Grandmentors: How scheme is helping transform lives of Islington teens...by pairing them with middle-aged workers
PUBLISHED: 12:25 31 May 2016 | UPDATED: 15:57 31 May 2016
On the surface, Filmon Russom and Jeremy Cornish make for an unlikely pairing. Filmon, with his designer haircut and stylish tracksuit, looks every bit your typical 19-year-old. Jeremy, 63, still dressed in the suit and shirt he wore to work, looks every bit your typical suave businessman.
Yet Filmon and Jeremy have far from a typical relationship. The two met in October through the “Grandmentors Islington” scheme. Established in 2009 by charity Volunteering Matters, based over the border in Hackney, Grandmentors gives support and advice to teens who have recently left the care system and are “not in employment, education or training” (NEET).
The idea is to help them solve their own problems by giving them access to someone else’s life experience: they are assigned an older mentor to help them tackle life’s problems.
The programme has been quite the success story so far, receiving a “highly commended” award at the Children and Young People Now awards last year. Statistics show while 71 per cent of young people are NEET when referred to the programme, just 19pc are NEET when they leave.
“The long-term goal is to help vulnerable teens get on their feet and on the road to success,” says Verna Chung, regional manager for Volunteering Matters.
“For some of these young people it’s been really life-changing.”
It’s access to this kind of advice that drove Filmon, from Essex Road, Canonbury, to enlist in the programme.
“My social worker suggested I get a mentor,” he said, “and I agreed I’d give Grandmentors a shot. I’m glad I did because Jeremy’s such a nice guy.”
By his own admission, Filmon was lacking confidence when he met Jeremy last year.
Arriving in Britain as a refugee from Eritrea at the age of 11 without a word of English, he had always had his sights set on becoming a professional footballer before a knee injury forced him to give up on his dream. He applied to university and got a place at Middlesex studying sports science, but was still struggling to interact with others around him.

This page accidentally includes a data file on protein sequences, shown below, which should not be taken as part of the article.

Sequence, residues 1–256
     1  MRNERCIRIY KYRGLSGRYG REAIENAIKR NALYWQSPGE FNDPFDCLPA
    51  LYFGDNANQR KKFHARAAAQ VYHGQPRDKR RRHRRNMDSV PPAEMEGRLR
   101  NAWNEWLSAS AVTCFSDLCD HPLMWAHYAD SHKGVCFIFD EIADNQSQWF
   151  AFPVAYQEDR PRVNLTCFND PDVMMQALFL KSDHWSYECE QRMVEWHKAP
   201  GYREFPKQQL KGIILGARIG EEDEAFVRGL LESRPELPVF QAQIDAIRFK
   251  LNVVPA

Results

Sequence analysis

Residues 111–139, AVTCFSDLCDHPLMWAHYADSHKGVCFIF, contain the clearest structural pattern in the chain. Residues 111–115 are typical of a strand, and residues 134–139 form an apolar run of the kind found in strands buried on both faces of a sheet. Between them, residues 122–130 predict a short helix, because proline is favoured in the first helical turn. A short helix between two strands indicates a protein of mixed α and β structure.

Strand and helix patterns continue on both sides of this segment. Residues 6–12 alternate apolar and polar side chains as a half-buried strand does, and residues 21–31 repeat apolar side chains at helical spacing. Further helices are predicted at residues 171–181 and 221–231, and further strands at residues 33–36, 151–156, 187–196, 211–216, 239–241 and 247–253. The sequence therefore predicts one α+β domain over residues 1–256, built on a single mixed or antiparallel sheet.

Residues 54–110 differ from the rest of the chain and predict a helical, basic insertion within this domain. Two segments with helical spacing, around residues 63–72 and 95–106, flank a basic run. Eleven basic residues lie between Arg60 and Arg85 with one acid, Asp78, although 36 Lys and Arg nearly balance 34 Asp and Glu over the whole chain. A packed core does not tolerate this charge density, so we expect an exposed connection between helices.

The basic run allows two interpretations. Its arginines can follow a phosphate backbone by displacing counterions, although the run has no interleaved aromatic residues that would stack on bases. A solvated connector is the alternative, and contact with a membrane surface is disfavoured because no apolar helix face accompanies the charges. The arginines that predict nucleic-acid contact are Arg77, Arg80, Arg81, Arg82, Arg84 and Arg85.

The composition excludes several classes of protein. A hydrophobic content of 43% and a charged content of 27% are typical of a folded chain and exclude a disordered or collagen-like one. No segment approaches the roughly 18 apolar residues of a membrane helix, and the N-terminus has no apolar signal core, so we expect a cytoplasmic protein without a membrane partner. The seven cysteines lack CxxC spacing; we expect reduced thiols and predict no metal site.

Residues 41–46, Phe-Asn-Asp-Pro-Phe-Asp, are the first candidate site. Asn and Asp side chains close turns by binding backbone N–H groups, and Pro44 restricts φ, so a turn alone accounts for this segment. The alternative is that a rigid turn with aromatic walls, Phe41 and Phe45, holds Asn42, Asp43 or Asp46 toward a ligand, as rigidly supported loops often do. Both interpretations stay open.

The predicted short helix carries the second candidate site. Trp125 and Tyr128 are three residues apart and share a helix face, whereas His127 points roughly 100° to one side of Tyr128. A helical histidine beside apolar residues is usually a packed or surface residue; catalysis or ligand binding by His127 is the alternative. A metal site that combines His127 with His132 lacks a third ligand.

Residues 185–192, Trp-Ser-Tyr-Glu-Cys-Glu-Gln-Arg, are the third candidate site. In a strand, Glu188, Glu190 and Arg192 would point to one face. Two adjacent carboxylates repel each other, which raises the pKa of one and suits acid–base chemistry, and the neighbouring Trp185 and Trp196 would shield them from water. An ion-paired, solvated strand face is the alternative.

“I just used to think: ‘Why would what I’m thinking matter to other people?,” he says. “But my perspective after this last year has changed.”
Filmon puts a lot of this change down to his relationship with Jeremy.
“I was a little nervous at the first meeting ‘cause I’d been told he lacked confidence, but as soon as I met Filmon I thought, ‘what a nice guy’,” Jeremy tells the Gazette.
“We just got on – there wasn’t a problem at all. He’s intelligent; he thinks about what you’re saying; he clearly listens. It’s just been a pure joy.”
Since their first meeting in October, Jeremy and Filmon’s relationship has gone from strength to strength. Whether to watch a football match or go over Filmon’s latest uni presentation, the two meet every week.
“I usually have something I need help with and Jeremy’s always got something to offer,” says Filmon.
“I was coaching when I met Jeremy, and he’s helped me meet other people in that area. Like physiotherapy – Jeremy had a friend who’s a physiotherapist and he introduced us to each other. I’ve met all his work mates as well, and now I play five-a-side with them every week!”
Watching the interaction between Jeremy and Filmon, there’s an air of father and son about their relationship. Jeremy is constantly encouraging Filmon to speak about his latest accomplishments at university, and takes pride in talking about where he sees Filmon in the future.
“Filmon’s doing so great I’ve been wondering if he still needs my help,” he laughs.
As much as he is enjoying getting to know Filmon, Jeremy recognises that without Grandmentors they would never have had the experience they’ve had.
“All of Grandmentors is a success story, but it’s all different routes,” he says.
“Some Grandmentors work extremely hard, over a period of time, to build a trusting relationship – which itself is often the most valuable gift to a mentee!”